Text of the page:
A 40-year-old Bartholomew County man who was found unresponsive in his home Jan. 21 died of an overdose of loperamide.
Loperamide is an active ingredient in the over-the-counter anti-diarrheal medication Imodium, said Jay Frederick, Bartholomew County deputy coroner.
If loperamide is taken in large amounts, the drug can bypass the blood-brain barrier and cause a high, he said.
“We believe that is what was going on in this case,” Frederick said.
The Indiana State Police investigated the death after the man was discovered by a relative who called 911 at 6:30 a.m. Jan. 21.
Coroner Clayton Nolting said toxicology tests showed that at the time of his death, the man had an extremely high dose of loperamide in his system, which can cause cardiac dysrhythmia in large doses. Cardiac dysrhythmia is an abnormal heart beat — the rhythm may be irregular in its pacing or the heart rate may be low or high.
The cause of death was listed as acute loperamide intoxication, and the manner of death is listed as accidental, Nolting ruled. The Bartholomew County Coroner’s office has been ruling the majority of overdose cases involving drugs as accidental.
In the coroner’s verdict in the case, family members of the man who overdosed said he had a history of prescription-pill abuse due to back issues.
This is the first known Bartholomew County case of this type of overdose, Frederick said, but law enforcement is now identifying use of the drug as a trend.
“Law enforcement has been hearing about Imodium abuse for several years,” Frederick said. “There hasn’t been a whole lot of attention to it because it’s not a painkiller.”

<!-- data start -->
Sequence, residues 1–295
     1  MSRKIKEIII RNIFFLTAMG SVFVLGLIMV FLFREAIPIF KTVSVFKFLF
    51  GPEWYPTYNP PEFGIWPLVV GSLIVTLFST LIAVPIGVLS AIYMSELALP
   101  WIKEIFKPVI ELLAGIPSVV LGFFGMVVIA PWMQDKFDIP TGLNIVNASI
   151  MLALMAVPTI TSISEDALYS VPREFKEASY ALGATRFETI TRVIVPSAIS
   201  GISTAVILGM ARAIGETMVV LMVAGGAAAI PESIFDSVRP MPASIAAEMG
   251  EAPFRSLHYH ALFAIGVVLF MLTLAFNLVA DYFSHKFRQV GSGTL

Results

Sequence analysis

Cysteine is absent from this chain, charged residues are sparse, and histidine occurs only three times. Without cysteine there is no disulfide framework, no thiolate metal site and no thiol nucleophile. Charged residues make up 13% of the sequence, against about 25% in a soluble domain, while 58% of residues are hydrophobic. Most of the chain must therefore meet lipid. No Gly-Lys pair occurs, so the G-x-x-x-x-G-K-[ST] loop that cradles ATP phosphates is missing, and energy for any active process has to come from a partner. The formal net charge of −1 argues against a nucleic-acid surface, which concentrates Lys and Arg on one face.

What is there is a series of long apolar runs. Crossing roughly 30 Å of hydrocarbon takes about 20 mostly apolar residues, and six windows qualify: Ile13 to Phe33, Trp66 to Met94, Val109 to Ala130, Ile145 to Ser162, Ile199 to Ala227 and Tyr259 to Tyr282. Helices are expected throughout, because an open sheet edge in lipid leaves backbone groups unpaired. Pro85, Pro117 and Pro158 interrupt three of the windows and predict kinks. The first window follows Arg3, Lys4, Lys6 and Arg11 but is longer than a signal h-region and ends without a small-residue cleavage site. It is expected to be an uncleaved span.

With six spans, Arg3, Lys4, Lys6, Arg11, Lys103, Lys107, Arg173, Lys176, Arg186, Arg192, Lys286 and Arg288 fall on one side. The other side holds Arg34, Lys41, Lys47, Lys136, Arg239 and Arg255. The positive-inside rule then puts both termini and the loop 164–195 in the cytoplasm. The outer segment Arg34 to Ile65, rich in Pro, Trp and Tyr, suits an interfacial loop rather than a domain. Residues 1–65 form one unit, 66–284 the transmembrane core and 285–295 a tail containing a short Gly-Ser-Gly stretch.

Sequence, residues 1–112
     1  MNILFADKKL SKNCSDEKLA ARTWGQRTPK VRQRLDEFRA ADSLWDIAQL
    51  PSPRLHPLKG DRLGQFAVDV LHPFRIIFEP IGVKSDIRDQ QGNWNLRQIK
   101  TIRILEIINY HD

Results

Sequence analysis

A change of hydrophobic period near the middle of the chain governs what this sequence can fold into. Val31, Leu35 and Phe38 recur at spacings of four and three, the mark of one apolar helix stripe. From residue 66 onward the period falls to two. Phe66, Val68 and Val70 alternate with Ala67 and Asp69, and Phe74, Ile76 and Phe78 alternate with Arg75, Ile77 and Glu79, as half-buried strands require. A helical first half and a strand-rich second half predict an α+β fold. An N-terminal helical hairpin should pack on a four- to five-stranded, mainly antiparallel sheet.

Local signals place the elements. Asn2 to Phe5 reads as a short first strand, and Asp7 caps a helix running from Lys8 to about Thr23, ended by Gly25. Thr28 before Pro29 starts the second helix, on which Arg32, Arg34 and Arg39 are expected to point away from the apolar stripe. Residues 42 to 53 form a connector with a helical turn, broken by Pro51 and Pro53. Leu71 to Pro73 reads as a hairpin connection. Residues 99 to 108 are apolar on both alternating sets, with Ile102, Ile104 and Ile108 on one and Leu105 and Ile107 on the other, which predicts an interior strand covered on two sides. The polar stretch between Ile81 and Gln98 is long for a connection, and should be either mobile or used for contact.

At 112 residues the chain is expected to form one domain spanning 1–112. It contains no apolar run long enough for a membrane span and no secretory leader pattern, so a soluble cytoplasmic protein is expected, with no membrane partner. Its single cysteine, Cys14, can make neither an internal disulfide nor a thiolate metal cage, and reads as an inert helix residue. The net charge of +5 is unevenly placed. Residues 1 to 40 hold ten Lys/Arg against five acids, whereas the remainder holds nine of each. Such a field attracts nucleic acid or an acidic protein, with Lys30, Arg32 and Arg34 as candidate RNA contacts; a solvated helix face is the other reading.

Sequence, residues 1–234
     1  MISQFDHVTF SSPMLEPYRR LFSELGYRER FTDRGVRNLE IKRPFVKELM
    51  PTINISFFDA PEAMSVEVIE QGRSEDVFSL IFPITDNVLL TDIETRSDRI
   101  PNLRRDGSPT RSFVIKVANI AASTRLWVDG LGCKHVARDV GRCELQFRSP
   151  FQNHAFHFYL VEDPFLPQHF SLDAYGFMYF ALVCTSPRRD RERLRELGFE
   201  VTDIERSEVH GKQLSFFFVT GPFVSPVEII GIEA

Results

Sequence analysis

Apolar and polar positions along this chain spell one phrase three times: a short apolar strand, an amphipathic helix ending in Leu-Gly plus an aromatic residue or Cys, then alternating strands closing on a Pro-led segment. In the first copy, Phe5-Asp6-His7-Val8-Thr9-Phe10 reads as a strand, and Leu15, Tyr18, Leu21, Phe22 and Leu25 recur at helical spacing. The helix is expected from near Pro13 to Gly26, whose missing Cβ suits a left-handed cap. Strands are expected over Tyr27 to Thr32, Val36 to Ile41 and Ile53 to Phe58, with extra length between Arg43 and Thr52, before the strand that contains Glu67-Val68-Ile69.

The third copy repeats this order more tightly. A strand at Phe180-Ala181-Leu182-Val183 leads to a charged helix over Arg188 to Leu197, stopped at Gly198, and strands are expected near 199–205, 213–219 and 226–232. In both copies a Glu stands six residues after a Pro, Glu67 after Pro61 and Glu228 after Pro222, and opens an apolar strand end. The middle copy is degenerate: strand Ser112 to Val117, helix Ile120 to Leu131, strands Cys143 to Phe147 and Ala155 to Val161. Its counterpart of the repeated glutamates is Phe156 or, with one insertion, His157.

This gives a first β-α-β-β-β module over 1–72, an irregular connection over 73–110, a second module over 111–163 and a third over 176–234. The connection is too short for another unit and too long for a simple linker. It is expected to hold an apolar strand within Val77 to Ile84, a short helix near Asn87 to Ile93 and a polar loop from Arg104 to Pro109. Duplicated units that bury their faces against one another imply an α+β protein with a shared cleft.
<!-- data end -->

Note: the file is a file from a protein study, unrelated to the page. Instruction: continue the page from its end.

The FDA states that loperamide acts on opioid receptors to slow the movement of the intestines and decrease the number of bowel movements.
The U.S. Food and Drug Administration issued an advisory in January that it is working with manufacturers of products containing loperamide to encourage them to use blister packs or other single-dose packaging to limit the number of doses in a package.
In the advisory, the FDA warned it is continuing to receive reports of serious heart problems and deaths caused by much higher than the recommended doses of loperamide, primarily among people who are intentionally misusing or abusing the product.
Loperamide is approved for use in single doses of 4 mg for the first dose followed by 2 mg after each loose stool for adults, according to the FDA. The maximum approved total daily dose is 8 mg per day for over-the-counter use and 16 mg per day for prescription use. The FDA reports that it is investigating cases in which individuals were taking hundreds of the pills each day, sometimes for weeks at a time.
Information about loperamide overdose is available from the federal Food and Drug Administration at: